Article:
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Financial Incentives and Educational Investment: The Impact of Performance-Based Scholarships on Student Time Use

  • Lisa Barrow
  • Cecilia E. Rouse

Using survey data from a field experiment in the U.S., we test whether and how financial incentives change student behavior. We find that providing post-secondary scholarships with incentives to meet performance, enrollment, and/or attendance benchmarks induced students to devote more time to educational activities and to increase the quality of effort toward, and engagement with, their studies; students also allocated less time to other activities such as work and leisure. While the incentives did not generate impacts after eligibility had ended, they also did not decrease students' inherent interest or enjoyment in learning. Finally, we present evidence suggesting that students were motivated more by the incentives provided than simply the effect of giving additional money, and that students who were arguably less time-constrained were more responsive to the incentives as were those who were plausibly more myopic. Overall these results indicate that well-designed incentives can induce post-secondary students to increase investments in educational attainment.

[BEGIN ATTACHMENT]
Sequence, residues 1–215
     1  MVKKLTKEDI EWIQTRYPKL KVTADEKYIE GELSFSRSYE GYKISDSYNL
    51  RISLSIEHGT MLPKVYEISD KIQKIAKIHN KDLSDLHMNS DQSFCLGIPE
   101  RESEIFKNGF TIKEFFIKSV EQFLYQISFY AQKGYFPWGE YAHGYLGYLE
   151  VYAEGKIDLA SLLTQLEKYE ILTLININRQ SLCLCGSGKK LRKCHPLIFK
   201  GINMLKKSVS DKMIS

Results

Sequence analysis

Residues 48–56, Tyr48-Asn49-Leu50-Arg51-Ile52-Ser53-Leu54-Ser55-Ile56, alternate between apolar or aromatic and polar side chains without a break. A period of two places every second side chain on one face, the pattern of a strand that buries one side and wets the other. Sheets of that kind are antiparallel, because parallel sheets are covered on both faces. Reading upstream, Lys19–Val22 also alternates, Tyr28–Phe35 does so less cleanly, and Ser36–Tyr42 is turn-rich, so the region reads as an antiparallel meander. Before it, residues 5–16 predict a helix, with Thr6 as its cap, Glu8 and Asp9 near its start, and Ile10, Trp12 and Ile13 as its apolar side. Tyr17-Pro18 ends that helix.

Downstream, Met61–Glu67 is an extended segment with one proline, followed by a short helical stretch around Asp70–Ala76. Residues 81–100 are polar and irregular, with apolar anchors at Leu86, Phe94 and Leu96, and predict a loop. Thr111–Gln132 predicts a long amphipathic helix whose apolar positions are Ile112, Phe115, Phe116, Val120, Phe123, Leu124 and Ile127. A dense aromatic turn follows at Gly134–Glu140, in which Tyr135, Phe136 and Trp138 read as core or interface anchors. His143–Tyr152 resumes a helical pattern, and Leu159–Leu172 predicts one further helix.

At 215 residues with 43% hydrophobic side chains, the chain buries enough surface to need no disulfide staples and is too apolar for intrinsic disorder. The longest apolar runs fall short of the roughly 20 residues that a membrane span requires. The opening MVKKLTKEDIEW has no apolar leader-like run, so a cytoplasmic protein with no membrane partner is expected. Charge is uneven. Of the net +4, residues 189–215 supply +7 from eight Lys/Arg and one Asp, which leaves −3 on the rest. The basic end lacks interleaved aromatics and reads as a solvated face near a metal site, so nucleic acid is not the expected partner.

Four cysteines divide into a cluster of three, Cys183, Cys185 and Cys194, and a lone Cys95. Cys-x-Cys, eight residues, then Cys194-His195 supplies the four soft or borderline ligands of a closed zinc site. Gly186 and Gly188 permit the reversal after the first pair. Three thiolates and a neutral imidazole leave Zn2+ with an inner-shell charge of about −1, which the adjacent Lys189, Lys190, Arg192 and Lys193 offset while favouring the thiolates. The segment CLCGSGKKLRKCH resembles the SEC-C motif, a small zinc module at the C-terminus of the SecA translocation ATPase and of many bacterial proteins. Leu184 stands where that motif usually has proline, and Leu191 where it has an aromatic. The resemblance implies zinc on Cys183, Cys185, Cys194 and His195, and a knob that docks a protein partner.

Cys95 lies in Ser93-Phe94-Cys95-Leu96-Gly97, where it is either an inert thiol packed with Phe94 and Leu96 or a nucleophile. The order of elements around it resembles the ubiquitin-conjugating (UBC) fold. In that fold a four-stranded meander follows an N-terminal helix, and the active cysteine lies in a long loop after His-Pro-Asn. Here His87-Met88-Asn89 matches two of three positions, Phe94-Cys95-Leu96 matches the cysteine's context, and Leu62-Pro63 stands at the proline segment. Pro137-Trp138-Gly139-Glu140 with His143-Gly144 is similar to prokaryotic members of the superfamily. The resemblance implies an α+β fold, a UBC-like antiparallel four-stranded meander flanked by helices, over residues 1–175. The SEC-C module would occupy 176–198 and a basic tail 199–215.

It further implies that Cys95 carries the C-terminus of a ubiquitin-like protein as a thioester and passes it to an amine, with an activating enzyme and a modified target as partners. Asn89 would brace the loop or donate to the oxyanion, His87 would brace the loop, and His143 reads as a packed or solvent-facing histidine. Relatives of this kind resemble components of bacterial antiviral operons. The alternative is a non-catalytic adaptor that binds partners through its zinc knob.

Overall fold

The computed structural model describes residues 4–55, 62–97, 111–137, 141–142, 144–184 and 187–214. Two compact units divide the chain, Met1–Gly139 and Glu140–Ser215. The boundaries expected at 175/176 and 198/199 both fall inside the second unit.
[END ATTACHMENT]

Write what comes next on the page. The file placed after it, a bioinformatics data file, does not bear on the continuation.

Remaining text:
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File URL: http://www.nber.org/papers/w19351.pdf
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Paper provided by National Bureau of Economic Research, Inc in its series NBER Working Papers with number 19351.

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Date of creation: Aug 2013
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Handle: RePEc:nbr:nberwo:19351
Note: ED LS
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  1. David Deming & Susan Dynarski, 2009. "Into College, Out of Poverty? Policies to Increase the Postsecondary Attainment of the Poor," NBER Working Papers 15387, National Bureau of Economic Research, Inc.
  2. Philip Oreopoulos & Daniel Lang & Joshua Angrist, 2009. "Incentives and Services for College Achievement: Evidence from a Randomized Trial," American Economic Journal: Applied Economics, American Economic Association, vol. 1(1), pages 136-63, January.
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